[Image: today’s Reno Gazette-Journal, Newseum]

Quotable: Ward Bushee on leaving Gannett

April 3, 2008
“I think it’s the biggest challenge I’ve ever faced.”
— former top Gannett editor Ward Bushee, in a new interview with American Journalism Review, on his surprise move earlier this year to the San Francisco Chronicle

Cutting biz news a publisher’s no-brainer

February 4, 2008

The Reno Gazette-Journal and the The Cincinnati Enquirer are among newspapers that have eliminated standalone business sections, Talking Biz News says, as publishers look for more ways to cut costs. And no wonder: Those pesky business news reporters threaten revenue streams from major advertisers if they write negative stories. If you were a publisher desperate to trim expenses, wouldn’t you take a hard look at the business news department, too?

(A side note: One of the things that’s always killed me about the Gazette-Journal is its willingness to kow-tow to powerful local casinos by using the more palatable term “gaming” when referring to that industry. Who’s the paper fooling? I mean, when was the last time you heard someone say they go to Reno to “game”?)

Use this link to e-mail feedback, tips, snarky letters, etc. See Tipsters Anonymous Policy in the sidebar, upper right. Or leave a note in the comments section, below.

[Image: this morning’s Gazette-Journal, Newseum. The paper’s lede story says: “After cutting their teeth in Nevada, this year’s presidential candidates will take on the rest of the Mountain West on Tuesday, the biggest single day on the nominating calendar.”]

Breaking: Top editor Bushee quits Gannett

January 25, 2008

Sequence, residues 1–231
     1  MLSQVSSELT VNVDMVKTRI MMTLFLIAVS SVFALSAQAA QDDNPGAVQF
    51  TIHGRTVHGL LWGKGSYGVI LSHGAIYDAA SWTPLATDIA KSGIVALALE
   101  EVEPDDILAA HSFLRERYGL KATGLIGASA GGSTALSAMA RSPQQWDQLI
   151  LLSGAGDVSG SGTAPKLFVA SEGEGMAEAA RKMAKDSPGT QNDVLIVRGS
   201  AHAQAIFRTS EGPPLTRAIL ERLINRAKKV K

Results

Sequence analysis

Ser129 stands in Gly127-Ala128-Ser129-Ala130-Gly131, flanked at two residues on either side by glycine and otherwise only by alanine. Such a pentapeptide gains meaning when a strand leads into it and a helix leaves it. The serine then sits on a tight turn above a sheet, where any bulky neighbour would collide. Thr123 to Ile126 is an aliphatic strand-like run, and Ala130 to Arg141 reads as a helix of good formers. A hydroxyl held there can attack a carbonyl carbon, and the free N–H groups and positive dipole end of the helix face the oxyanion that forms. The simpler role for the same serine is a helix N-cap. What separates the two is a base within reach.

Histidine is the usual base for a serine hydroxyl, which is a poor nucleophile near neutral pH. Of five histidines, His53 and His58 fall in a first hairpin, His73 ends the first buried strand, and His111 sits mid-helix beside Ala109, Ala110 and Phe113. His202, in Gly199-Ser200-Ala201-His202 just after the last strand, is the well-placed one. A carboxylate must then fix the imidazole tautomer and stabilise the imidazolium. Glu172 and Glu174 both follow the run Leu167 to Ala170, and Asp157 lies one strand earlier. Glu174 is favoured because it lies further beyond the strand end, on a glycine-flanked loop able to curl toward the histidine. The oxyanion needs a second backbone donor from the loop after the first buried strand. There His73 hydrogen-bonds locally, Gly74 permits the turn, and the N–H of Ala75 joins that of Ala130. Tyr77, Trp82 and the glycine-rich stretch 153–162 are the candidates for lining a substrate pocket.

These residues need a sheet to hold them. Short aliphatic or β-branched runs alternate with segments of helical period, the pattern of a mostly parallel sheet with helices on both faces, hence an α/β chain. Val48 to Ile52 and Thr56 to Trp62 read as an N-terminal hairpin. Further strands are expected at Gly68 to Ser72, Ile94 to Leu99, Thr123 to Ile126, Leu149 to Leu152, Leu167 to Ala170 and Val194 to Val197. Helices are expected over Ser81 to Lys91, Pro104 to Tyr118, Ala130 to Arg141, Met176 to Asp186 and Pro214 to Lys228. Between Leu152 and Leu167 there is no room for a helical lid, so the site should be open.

The money-losing San Francisco Chronicle just announced that Arizona Republic Editor Ward Bushee (left) will be its new top editor. “Ward brings a wealth of news experience and journalistic vision to the Chronicle team,” Chronicle Publisher Frank Vega, a former long-time Gannett executive, said in a statement. “He has long been recognized as an editor who instills strong journalistic values, integrity and sense of community at the newspapers he leads.”

Bushee, 58, is coming to one of the nation’s most challenging newspaper markets. Northern California has become Ground Zero for many of the technology trends hurting papers. On a percentage basis, the 365,234-circulation (daily) Chronicle has lost more subscribers in recent years than virtually any other U.S. paper. Plus, it lost up to $100 million in 2007 alone — leading to speculation that it might be the first major U.S. paper to go Web-only.

Separately, the Republic announced that Executive Editor Randy Lovely, 43, (left) will replace Bushee. The Republic is Gannett’s biggest-circulation paper after USA Today.

Bushee is one of the most honored and most influential editors in Gannett. But much of his success is tied to his long-time patron, Sue Clark-Johnson, the Newspaper Division president who recently announced plans to retire in May. What’s more, the Republic — once a star in the Gannett constellation — has lately been a drag on revenue because of the collapse of real estate prices in Phoenix. I suspect as well that a big chunk of Bushee’s compensation has been in Gannett stock options that are now worthless, another reason to leave GCI.

Bushee has been with Gannett 21 years, Chronicle owner Hearst noted. He was named Editor of the Year three times and 11 times won the company’s President’s Ring, awarded to outstanding top editors. Under his leadership, Hearst says, the Reno Gazette-Journal and The Arizona Republic respectively were honored with Newspaper of the Year awards.

Republic staffers: Use this link to e-mail feedback and tips. See Tipsters Anonymous Policy in the sidebar, upper right. Or leave a note in the comments section, below.

[Photos: Bushee, Gannett; Lovely, Republic]

Election focus shifts to Michigan, Nevada, S.C.

January 10, 2008

With a combined seven newspapers and one TV station in those three key battleground states, Gannett is now well-positioned to be a bigger presidential campaign player in the crucial weeks ahead.